This case involves a 23-year-old female patient who was treated at a wound care clinic for several open arm wounds. The bandages were described as foul-smelling and greenish-blue in color, and she had developed clear signs of infection. The clinic obtained cultures of the wounds, however preliminary results came back as negative. The wound care clinic referred the patient to her primary care physician. The primary care physician noted a diffuse rash but did not suspect infection because the wound clinic did not send a follow up regarding the final culture report. Several days later, the patient went into septic shock from a bacterial infection. The patient was unable to recover and succumbed to the sepsis in a few days. It was later discovered that the wound clinic did render a final report and that the bacteria which caused the patient’s infection were present in the report. It was alleged that the primary care physician was negligent in failing to follow up with the wound care clinic regarding the final culture report.
Question(s) For Expert Witness
1. What is the differential diagnosis in a patient like this who develops a diffuse rash?
2. What is the appropriate work-up for this patient as an outpatient?
3. Is the primary care physician obligated to inquire about and/or follow up final culture reports ordered by a wound care specialist?
Expert Witness Response E-116683
The differential for a diffuse extremity rash includes:
a) cellulitis (superficial soft tissue infection)
b) chronic venous stasis
c) skin changes related to venous thrombosis (clotting)
d) other causes of rash as a primary problem (contact dermatitis, psoriasis, etc), or related to other diseases (e.g., erythema nodosum or vasculitic changes).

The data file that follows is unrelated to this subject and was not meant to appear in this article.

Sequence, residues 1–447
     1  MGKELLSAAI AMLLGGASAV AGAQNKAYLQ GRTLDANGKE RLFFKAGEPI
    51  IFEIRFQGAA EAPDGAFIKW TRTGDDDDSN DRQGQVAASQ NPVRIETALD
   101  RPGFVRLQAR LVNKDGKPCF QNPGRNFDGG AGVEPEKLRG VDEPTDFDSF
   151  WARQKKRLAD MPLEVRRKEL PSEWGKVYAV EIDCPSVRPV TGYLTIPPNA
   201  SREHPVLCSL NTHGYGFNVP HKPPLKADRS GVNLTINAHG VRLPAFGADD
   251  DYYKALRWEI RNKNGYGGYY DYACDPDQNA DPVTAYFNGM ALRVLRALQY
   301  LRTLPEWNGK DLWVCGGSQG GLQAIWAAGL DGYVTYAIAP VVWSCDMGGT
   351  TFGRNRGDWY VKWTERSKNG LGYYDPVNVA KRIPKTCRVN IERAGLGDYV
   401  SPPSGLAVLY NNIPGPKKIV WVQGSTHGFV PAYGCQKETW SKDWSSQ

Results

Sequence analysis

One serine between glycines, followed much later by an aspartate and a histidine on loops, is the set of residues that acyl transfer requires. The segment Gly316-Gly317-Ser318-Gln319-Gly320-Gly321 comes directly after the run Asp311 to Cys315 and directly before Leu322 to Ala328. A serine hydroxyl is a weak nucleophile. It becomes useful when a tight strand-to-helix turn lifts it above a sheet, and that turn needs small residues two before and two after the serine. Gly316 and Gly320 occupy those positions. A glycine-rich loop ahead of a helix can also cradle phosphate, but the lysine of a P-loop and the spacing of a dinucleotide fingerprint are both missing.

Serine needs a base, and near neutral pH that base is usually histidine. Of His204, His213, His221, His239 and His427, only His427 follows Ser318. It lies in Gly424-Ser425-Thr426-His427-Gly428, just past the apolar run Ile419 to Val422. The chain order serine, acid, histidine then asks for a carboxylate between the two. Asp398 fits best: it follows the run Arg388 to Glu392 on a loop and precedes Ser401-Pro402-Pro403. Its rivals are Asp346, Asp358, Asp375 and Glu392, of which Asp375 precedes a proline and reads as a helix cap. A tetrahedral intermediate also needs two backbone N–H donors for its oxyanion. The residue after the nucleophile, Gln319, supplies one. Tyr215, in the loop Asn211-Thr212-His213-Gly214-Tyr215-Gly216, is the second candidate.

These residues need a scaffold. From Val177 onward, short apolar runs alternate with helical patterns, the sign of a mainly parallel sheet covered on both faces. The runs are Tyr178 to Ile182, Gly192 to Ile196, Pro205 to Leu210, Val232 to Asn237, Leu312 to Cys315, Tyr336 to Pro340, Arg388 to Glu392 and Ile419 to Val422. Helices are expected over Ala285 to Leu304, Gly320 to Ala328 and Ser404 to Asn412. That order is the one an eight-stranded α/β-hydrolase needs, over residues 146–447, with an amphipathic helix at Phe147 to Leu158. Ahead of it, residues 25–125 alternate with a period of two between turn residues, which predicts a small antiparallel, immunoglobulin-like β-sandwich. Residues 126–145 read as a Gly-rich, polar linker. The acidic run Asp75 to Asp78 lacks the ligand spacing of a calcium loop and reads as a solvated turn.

Because of the patient's chronic wounds, if those wounds are deep enough, a bone infection (ostemyelitis) might also develop and this may not be directly related to the rash. Wound cultures would be appropriate if the wounds are purulent and not healing well. If there are clinical signs of cellulitis, it is difficult to culture and is often treated empirically. I would send blood cultures and ESR and possibly do bone imaging if there were constitutional and laboratory signs of a widespread infection. Certainly if the primary care physician was aware the cultures were done, he/she should have followed up the results. If the patient was presenting with signs of infection, a review of past labs and studies and a set of new studies would be appropriate. In the event that the wound care specialist and primary care physician do not share the same electronic health records system, obtaining the past impressions and testing may be a challenge. It is good clinical practice for the wound care clinic to forward clinical information to the primary care physician, but this communication does not always take place.